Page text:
When it comes to the lovely wet stuff, over in Beer Monkey Mansions, we are always keen to try something new or different. Much more so if that means challenging our assumptions, questioning our beliefs and pushing the boundaries of our own beery understanding.
We are also forgiving souls, always willing to give people and things the benefit of the doubt, a second chance and to try to see things from their point of view. Indeed, we subscribe to the notion that in order to fully experience another perspective we not only have to walk a mile in another's shoes but also see things through their eyes.
Confession time. I used to drink and rather enjoy multinational, stack 'em high, sell 'em cheap cooking lager. Is it not what we all drank growing up? It was, round my way. I started off my drinking 'career' downing Tennent's, McEwans and even Kestrel Lager with my mates before heading out. If we were really lucky and were flush then our beer bag would contain Colt 45 and Breaker Malt Liquor.
During my clubbing days and trying to look cool, I'd often be propping up the bar with a can of Schlitz or Red Stripe in my hand. Or, maybe the bar was propping me up. It was a long time ago.
So in an attempt to recapture those heady days of when the quality of a pint was measured by the amount of bubbles and the size of the head; and the excellence of an evening was measured by how many you sank and how little you remembered, I've decided to go back, way back and with no expense spared (well, £2.84 actually), to jump feet first into the shallow end of the beer spectrum and revisit some old friends that used to keep me company during my formative drinking days of my late teens and early twenties and give them a second opportunity to win me over and regain a place in my beer soaked heart.
Coming home tonight with me for a proper slurping are the beer behemoths of Tennents, Skol and Carling and to tell you the truth, I'm quite looking forward to it.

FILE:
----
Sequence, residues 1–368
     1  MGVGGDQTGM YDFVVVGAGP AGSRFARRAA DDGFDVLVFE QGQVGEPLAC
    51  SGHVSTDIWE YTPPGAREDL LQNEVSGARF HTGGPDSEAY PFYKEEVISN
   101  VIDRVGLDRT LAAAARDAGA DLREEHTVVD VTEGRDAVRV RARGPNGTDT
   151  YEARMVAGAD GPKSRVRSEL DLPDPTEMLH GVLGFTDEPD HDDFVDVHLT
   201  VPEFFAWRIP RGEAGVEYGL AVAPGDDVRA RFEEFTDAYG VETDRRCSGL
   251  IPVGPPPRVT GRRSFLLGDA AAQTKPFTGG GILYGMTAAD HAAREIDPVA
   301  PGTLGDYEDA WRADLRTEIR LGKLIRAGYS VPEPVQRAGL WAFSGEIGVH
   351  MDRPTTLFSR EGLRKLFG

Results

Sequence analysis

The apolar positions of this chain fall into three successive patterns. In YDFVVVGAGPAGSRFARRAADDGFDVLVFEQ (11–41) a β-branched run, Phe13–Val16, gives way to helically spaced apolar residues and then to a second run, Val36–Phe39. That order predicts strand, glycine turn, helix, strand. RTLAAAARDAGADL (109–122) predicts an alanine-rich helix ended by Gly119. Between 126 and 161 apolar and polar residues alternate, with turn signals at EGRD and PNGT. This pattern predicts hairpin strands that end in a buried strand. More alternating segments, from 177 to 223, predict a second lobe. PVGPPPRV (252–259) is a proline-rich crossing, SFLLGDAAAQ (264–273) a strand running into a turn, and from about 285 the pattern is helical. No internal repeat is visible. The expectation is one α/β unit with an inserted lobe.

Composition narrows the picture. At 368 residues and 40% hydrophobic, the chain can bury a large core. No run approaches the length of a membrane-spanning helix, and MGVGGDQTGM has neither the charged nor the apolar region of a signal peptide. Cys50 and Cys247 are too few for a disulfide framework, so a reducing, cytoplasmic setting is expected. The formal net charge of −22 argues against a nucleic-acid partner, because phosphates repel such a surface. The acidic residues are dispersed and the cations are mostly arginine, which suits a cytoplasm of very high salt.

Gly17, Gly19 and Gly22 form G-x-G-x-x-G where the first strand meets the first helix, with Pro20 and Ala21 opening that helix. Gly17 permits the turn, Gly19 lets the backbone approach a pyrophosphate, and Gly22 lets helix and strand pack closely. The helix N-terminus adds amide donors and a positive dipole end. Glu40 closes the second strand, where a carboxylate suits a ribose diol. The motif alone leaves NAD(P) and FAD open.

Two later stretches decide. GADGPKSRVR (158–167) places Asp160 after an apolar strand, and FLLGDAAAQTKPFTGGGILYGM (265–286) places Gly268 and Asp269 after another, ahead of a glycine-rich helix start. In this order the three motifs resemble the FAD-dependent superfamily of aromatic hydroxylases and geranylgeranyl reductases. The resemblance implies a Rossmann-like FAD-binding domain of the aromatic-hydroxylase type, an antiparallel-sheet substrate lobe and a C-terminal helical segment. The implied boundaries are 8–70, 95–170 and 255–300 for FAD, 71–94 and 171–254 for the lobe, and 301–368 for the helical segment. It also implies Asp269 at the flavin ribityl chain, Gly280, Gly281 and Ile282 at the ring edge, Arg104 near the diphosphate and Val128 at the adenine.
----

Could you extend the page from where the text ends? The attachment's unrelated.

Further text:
First up into the glass is some Skol. It pours a golden colour with a soft white head that shrinks to nothing very quickly. A quick swirl and all I can smell is a faint tin aroma and not much else. It's cold, wet and fizzy and has a very thin mouthfeel. Not much in the way of clear, discernable taste although there is a tinge of grain. I took another sip no more than a few minutes after the initial pour and it was dull, lifeless and lacking in any of it's initial carbonation.
On the can, it says that it is brewed using only the finest ingredients yet carelessly forgets to list them anywhere. It also describes itself as light and refreshing quality lager. I describe myself a handsome, charismatic, square jawed Adonis. Self description is an easy game and usually doesn't stand up too well to the scrutiny of others. Except in my case, naturally.
It left a nasty, lingering artificial aftertaste and wasn't pleasant. My initial enthusiasm was beginning to look a little misplaced.
Glasgow's own, Tennents was up next and it's been a while since I have had a can of this. It poured golden and had a strong head that, along with the carbonation, maintained itself moderately well. It had a malty, grassy and strawish taste that is sweet and sticky on the lips and mouth. It had some dry bitterish finish that would indicate that some hops had been close by when this was being brewed. Possibly, in a store next door. It was okay in a bland and inoffensive kind of way.
I had intended to open up the Carling but, after sampling the first two, I decided to leave it for another day or until I've got a visitor in need of a thirst quenching fizzy brew provided they're not that fussy.
What have I learned from this experience? Not a lot that I didn't know already. Comparing mass market multinational cooking lager to find out which one is the best is a bit like comparing serial killers or dictators. You can do it but, like the lagers, it's a pretty tasteless activity.